Baguio City groans from too many visitors
BAGUIO CITY — Urban decay comes to mind every time city residents count the hours before water comes out of their faucets, or when walking is a faster option to get to downtown so they won’t be late for classes.
A draft report of an urban carrying-capacity study commissioned by the National Economic and Development Authority (Neda) has found that the city’s resources are hardly enough for its population. Findings of the study were presented here on Feb. 15.
Baguio’s water supply, roads, urban facilities and public services are sufficient by the thinnest of margins for its population of 345,366 (2015 census) but are woefully inadequate for its daytime population, especially when hordes of tourists come to visit in summer or the Christmas season, according to the study team from consultancy group Certeza Infosys.
But these resources are further strained by a “daylight population” composed of transient students, employees from other towns and provinces, and out-of-town entrepreneurs who transact business in Baguio, Certeza economist Gladys Navarro said.
According to the study, Baguio has not yet breached its carrying capacity — the population ceiling set by economists before a community’s resources are no longer enough for everyone.
It will exceed the capacity though when its population rises to 700,000, the study added.
The daytime population on weekdays has grown to 725,366, doubling when tourists arrive during the Yuletide and summer months, according to Candido Cabrido, the project leader.
Baguio was designed and built by the American colonial government in 1909 for 25,000 people, but population spikes occurred in the 1970s and after the city was devastated by the 1990 Luzon earthquake, Navarro said.
After reconstruction, Baguio tried to draw back people following massive outmigration “but had overmarketed the city after 1990 through [attractions like] Panagbenga [the Baguio Flower Festival],” she said.
Migration, as well as the transient population, has replaced new births as the reason for Baguio’s current pace of population growth.
Transients leave the city at the conclusion of their transactions so they should not consume too much of the city resources, Cabrido said.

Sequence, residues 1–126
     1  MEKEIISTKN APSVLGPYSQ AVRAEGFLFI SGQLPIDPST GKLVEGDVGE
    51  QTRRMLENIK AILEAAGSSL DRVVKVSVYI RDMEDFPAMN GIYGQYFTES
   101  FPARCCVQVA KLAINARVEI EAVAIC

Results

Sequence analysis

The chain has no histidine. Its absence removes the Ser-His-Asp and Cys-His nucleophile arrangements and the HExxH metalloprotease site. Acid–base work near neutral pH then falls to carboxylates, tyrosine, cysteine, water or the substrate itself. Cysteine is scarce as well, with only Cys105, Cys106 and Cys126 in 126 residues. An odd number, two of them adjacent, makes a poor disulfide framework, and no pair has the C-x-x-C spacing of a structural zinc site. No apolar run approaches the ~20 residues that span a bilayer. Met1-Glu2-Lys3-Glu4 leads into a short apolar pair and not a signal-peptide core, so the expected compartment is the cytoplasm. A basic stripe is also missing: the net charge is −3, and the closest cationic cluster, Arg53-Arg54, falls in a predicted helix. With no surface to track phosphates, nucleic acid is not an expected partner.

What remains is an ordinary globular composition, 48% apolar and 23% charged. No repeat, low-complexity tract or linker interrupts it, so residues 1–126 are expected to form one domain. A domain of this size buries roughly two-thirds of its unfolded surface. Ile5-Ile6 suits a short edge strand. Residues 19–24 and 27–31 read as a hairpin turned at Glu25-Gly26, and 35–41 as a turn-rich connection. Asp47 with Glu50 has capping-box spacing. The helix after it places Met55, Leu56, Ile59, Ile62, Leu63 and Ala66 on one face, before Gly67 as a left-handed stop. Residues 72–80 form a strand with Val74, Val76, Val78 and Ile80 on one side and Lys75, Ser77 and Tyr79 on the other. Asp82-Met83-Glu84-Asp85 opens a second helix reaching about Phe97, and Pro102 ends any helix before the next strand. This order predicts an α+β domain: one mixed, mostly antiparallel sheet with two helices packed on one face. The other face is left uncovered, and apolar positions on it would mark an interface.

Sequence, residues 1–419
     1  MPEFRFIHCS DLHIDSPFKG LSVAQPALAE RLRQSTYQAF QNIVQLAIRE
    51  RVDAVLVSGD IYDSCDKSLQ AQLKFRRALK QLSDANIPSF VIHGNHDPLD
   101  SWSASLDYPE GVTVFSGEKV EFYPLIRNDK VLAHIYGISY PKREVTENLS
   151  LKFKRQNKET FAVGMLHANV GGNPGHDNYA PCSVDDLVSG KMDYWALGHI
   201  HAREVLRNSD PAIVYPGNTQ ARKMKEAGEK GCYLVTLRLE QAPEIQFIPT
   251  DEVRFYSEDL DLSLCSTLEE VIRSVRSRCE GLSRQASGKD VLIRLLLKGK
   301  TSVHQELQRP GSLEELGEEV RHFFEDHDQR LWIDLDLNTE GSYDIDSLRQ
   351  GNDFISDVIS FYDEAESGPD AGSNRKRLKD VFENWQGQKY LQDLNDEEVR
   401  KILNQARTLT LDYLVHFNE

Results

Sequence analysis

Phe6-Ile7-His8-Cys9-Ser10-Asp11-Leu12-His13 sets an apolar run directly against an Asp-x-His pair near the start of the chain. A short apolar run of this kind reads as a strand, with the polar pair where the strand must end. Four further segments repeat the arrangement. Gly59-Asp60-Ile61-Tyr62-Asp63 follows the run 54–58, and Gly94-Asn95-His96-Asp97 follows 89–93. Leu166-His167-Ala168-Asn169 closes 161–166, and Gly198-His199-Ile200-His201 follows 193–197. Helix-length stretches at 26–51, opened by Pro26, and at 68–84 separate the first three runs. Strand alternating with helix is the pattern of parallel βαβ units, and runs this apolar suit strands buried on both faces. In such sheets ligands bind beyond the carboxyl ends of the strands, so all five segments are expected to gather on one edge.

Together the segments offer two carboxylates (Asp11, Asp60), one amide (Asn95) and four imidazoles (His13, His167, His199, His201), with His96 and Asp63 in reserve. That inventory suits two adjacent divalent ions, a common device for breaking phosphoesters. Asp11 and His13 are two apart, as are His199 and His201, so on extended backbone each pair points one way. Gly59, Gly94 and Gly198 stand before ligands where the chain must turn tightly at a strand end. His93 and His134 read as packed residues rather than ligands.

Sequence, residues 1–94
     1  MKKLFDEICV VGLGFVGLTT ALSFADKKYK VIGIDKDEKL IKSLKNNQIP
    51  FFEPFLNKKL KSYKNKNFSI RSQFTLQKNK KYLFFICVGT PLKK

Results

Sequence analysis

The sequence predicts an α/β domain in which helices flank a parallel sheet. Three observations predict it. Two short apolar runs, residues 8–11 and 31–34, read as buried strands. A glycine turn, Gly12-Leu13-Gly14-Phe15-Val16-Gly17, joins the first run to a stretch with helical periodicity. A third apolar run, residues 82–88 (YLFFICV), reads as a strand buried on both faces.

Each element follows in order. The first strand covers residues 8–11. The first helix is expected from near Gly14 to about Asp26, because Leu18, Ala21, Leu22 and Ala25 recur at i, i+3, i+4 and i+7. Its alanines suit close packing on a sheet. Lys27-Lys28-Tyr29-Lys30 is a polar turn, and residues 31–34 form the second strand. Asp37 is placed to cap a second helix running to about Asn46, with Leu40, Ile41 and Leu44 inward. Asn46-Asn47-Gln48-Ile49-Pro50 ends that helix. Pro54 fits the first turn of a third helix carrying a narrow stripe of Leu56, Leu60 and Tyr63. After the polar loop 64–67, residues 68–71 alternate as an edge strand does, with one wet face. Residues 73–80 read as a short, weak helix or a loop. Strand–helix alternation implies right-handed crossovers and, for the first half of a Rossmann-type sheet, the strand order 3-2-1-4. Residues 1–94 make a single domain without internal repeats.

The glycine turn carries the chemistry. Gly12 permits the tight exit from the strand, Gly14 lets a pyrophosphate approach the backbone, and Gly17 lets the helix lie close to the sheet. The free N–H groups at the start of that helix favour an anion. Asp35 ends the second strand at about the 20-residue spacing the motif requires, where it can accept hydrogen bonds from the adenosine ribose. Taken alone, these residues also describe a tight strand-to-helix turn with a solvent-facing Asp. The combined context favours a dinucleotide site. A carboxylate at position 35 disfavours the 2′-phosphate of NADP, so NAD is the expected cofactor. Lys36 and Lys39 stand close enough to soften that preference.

“But residents would naturally complain when they feel that tourists, or people living in boarding houses, are being prioritized,” Navarro said.
The study matched findings with public perception and validated concerns about overcrowding, pollution and resource scarcity.
Inadequate road network
The study confirmed that Baguio’s current road system spanning 349 kilometers “can only support 145,416 [residents].”
Narrow roads and the high volume of private and public vehicles have led to traffic jams, air pollution and the subsequent diminution of income for commuters “who spend more time traveling.”
The study also said the city’s solid waste management and sewerage systems had been inadequate.
The Certeza team used satellite images and maps and determined that forest cover was only 23 percent of the total area of the city.
“The population threshold of water supply is 267,546 [consumers], which is lower than the current population,” it said.
Water has been rationed since the late 1980s, with each resident getting an average of 0.15 cubic meter a day.
High-rise buildings, 52 of them more than eight stories high, have been concentrated in heavily populated sections of the city, leading to overcrowding, the study said.
According to Cabrido, Baguio is ideal for low-density development because of its terrain, although new engineering technology could make buildings safer on the mountains.
At the Philippine Military Academy on Saturday, Environment Secretary Roy Cimatu said he might ask Malacañang to revoke Baguio’s exemption from Presidential Decree No. 705.
The Forestry Code of the Philippines prohibits the construction of houses and buildings on steep slopes.
Section 15 of the code states that “no land of the public domain 18 percent in slope or over shall be classified as alienable and disposable, nor any forest land 50 percent in slope or over, as grazing land.”